There are many processes occurring simultaneously when a cabinet is filling with polyurethane foam. Polymerization of the raw materials is occurring, carbon dioxide is being generated by the reaction of chemicals and water, heat is released from the reactions, and the physical blowing agent is being vaporized. This causes bubbles to form within the liquid. The gases within the bubbles expand due to heat. The air in the cavity is displaced as the foam expands, and the viscosity of the foam increases as the reactions proceed toward completion and the liquid raw materials react and turn into a solid foam.
After the foaming process, the cabinet and door stays within the fixture for a specified amount of time (typically two to seven minutes) before it is demolded. The time between the initial shot of liquid raw materials until the fixture is opened so the part can exit is the demold time for the part. After demolding the part, the fixture is opened, the part removed, and the process repeats with the next part. The total residence time may be five to 20 minutes, with the demold time comprising a portion of the total residence time.
In household refrigerators, the performance of polyurethane foam insulation contributes greatly to the appliance’s overall energy efficiency.
New Chemistry Changing the Demolding Process
The production of rigid polyurethane foam in a cabinet requires two main liquid components: a polyol, which is an alcohol with more than two reactive hydroxyl groups per molecule, and a polyisocyanate, along with a suitable blowing agent. The blowing agent is typically added to the polyol along with additional additives like surfactants (a foam stabilizer) and catalysts (to control the reaction rate). The reaction that takes place when the polyol and polyisocyanate are mixed together results in macromolecules with urethane structures—polyurethanes. During the reaction, a considerable amount of heat is released, which is used in part to evaporate the blowing agent. As a result, the reaction of the liquid mix is expanded to form foam.
Besides the catalyst, the composition of both the polyol and the isocyanate can have a dramatic effect on the post demold expansion. With a given set of base polyether polyols or isocyanates, an optimized formulation can be developed that provides a balance of productivity, cure rate, and flowability in order to produce a material tailored to the specific processing technologies. The industry is expanding the optimization to include new polyethers as well as new isocyanates that result in reductions in the demold swelling of the foam, which can yield about 20 to 40 percent reductions in actual demold time in cabinets.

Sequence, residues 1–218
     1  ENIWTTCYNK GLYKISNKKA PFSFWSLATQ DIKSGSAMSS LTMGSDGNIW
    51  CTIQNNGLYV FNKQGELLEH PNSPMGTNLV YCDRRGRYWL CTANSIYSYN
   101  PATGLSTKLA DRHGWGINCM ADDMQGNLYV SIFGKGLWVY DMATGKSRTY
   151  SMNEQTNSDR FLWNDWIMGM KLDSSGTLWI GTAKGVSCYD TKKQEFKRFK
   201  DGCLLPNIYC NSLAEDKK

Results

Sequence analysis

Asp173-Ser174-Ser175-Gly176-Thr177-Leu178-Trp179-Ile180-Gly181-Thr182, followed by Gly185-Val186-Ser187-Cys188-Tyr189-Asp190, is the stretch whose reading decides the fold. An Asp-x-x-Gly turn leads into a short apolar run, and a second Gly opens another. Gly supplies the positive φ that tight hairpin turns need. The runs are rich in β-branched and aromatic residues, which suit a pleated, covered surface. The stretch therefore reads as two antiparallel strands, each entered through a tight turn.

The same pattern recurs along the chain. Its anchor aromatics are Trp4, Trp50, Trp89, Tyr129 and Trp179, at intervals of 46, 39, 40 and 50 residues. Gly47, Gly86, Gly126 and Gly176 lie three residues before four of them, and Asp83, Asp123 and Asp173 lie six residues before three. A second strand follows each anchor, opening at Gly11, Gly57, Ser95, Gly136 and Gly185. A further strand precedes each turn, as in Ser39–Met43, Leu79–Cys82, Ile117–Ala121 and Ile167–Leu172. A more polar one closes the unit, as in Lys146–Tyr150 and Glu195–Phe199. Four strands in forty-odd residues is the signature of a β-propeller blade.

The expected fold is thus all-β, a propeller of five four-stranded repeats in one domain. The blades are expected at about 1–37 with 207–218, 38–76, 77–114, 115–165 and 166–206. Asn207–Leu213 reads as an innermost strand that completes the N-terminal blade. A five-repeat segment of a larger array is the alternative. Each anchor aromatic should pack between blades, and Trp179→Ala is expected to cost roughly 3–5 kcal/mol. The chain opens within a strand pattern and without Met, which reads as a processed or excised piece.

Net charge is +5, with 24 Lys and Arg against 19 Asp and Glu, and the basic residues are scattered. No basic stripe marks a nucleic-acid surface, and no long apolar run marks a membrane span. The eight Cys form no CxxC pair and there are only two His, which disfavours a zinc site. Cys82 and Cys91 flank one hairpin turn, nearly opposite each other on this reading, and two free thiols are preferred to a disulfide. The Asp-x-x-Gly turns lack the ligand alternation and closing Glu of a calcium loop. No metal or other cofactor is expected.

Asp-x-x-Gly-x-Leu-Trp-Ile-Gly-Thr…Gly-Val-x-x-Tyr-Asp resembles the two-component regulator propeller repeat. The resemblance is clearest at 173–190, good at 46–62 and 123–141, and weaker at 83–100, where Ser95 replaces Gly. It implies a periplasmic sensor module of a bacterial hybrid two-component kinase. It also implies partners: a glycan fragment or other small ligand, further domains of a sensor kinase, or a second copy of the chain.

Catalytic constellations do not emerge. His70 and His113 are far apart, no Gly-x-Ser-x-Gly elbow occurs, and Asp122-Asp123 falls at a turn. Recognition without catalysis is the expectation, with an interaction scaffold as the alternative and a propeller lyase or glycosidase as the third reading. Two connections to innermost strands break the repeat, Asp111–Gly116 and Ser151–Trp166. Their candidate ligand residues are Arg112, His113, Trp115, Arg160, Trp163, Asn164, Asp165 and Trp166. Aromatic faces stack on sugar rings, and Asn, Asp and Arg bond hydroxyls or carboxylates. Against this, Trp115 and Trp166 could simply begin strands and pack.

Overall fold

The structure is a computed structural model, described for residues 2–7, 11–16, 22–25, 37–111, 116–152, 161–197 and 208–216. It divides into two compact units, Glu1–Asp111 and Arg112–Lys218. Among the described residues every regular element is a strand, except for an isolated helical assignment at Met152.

The polyurethane backbone can be modified to create structures that reduce post demold swelling and give more optimal flowability, viscosity growth, strength and thermal insulation in the polyurethane foam. The polyurethane backbone is controlled by changing the functionalities, molecular weights and viscosities of both the polyethers and isocyanate structures to produce the optimal results.
In addition to the demold performance, research has shown that the newly developed polyurethane formulation matches or exceeds the performance of the current systems in key properties like density, compressive strength and thermal conductivity.
Keeping Pace with An Evolving Industry Through Innovation
Post demold expansion is a fundamental characteristic of rigid polyurethane foam that affects both production processing and performance. To meet the OEM’s need to increase productivity without compromising quality features like energy efficiency or cabinet geometry, novel chemical polyol and isocyanate structures have been developed, tested and applied for fast-demold foam systems.
The innovative polyurethane system has been found to result in best-in-class post-expansion values, allowing for enhanced process productivity. Excellent flowability leads to homogenous density distribution and supports the economical production of energy-efficient refrigerators.
A more detailed report of these findings will be presented at several international polyurethane conferences this year, including CPI’s 2018 Polyurethanes Technical Conference, which will be held October 1-3 in Atlanta. In addition to presenting new innovations in the field of appliance insulating foam, the CPI Conference offers critical insight and education on innovations across the wide range of polyurethane application areas.